Risk is a much mis-understood word.  In a technical sense, it is the probability of something happening multiplied by the consequences when it does [see post on Risk Definition, September 20th, 2012].  Tight regulation and good engineering could reduce the probability of earthquakes induced by fracking and such earthquakes tend not to produce structural damage, i.e. low consequences, so perhaps it is reasonable to conclude that the risks are low because two small quantities multiplied together do not produce a big quantity [see last week’s post on ‘Fracking’, 28th August, 2013].

The more common definition of risk is the probability of a loss, injury or damage occurring, i.e. severity is ignored.  Probability is used to describe the frequency of occurence of an event.  A classic example is tossing a fair coin, which will come down heads 50% of the time.  This is a simple game of chance that can be played repeatedly to establish the frequency of the event.  It is impractical to use this approach to establish the probability of fracking causing an earthquake, so instead engineers and scientists must simulate the event using computer models.  One approach to simulation is to generate a set of models, each based on slightly different set of realistic conditions and assumptions, and look at what percentage of the models predict earthquakes, which can be equated to the probability of a fracking-induced earthquake.  When the set of conditions is generated randomly, this approach is known as Monte Carlo simulation.  Weather forecasters use simulations of this type to predict the probability of rain or sunshine tomorrow.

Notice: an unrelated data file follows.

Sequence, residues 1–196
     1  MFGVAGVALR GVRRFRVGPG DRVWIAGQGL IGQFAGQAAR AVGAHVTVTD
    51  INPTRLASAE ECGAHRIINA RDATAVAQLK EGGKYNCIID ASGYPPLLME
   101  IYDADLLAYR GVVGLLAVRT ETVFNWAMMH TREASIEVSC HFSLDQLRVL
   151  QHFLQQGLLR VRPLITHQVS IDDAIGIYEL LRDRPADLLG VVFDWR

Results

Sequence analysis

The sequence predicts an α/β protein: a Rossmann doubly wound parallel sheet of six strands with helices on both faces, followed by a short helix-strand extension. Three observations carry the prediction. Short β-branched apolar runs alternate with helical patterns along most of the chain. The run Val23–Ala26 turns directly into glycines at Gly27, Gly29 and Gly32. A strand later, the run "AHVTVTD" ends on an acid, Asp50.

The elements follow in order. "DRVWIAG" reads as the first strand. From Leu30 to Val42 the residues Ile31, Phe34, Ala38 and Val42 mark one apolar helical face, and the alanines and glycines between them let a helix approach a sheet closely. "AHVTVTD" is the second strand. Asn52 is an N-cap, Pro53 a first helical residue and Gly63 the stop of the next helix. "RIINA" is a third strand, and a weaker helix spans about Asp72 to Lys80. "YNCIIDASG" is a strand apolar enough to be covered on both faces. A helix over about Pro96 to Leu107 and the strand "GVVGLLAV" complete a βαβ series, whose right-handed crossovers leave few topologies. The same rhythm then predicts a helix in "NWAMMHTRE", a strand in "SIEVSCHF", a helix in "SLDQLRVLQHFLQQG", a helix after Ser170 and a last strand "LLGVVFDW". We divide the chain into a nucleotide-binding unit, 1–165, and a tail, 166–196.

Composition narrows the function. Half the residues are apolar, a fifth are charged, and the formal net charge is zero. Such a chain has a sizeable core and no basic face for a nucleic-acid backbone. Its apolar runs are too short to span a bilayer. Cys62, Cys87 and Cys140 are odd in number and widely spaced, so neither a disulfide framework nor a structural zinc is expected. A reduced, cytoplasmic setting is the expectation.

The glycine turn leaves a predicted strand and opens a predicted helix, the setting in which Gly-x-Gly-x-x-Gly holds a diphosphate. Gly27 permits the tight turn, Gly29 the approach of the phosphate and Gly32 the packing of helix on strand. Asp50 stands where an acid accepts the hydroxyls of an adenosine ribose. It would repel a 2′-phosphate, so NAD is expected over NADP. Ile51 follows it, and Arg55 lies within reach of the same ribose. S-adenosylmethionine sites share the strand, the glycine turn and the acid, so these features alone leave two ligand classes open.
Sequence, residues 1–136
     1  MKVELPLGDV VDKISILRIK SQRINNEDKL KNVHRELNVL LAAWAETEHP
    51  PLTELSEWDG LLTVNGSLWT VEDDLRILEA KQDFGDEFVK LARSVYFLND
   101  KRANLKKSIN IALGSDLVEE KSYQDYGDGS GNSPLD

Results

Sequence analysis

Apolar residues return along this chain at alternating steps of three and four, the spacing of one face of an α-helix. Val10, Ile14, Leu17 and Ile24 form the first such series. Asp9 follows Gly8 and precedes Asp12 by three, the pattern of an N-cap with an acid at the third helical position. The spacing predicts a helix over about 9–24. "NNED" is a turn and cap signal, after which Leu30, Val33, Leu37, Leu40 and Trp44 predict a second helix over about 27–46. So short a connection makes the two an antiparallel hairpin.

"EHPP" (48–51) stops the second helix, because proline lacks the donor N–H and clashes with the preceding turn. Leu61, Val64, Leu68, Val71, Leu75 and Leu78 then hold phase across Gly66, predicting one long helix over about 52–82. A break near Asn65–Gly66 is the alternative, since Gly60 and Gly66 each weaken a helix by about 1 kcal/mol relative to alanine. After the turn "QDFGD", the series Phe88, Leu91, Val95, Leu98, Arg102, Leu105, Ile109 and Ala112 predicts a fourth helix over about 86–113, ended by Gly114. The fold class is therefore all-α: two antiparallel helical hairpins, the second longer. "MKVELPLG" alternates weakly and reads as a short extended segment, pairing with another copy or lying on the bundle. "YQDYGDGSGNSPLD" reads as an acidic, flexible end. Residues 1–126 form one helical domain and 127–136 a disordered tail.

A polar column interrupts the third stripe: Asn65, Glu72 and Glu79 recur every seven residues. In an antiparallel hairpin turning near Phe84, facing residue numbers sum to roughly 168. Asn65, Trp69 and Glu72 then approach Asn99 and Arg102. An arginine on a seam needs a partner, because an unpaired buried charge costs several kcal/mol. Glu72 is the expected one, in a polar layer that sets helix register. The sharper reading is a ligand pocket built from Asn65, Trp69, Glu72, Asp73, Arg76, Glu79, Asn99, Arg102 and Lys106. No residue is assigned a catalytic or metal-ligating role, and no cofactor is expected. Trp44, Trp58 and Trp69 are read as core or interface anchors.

The reliability of a simulation depends on the model adequately describing the physical world.  We can test this (known as validating the model) by comparing predicted outcomes with real-world outcomes [see post on 18th September, 2012 on ‘model validation’].  The quality of the comparison can be expressed as a level of confidence usually as a percentage.  Crudely speaking, this percentage can be equated to the frequency with which the model will correctly predict an event, i.e. the probability that the model is reliable, so if we are 90% confident then we would expect the model to correctly predict an event 9 out of 10 times. In other words, there would be a 10% ‘risk’ that the model could wrong.

In practice we cannot easily calculate the probability of a fracking-induced earthquake because it is such a complex process. Validating a model of fracking is also a challenge because of the lack of real examples so that establishing confidence is difficult.  As a consequence, we tend be left weighing unquantified risks in a subjective manner, which is why there is so much debate.

If you made it this far – well done and thank you!   If you want more on weather forecasting and extending these ideas to economic forecasting see  John Kay’s article in the Financial Times on August 14th, 2013 entitled ‘Spotting a banking crisis is not like predicting the weather’ [ ].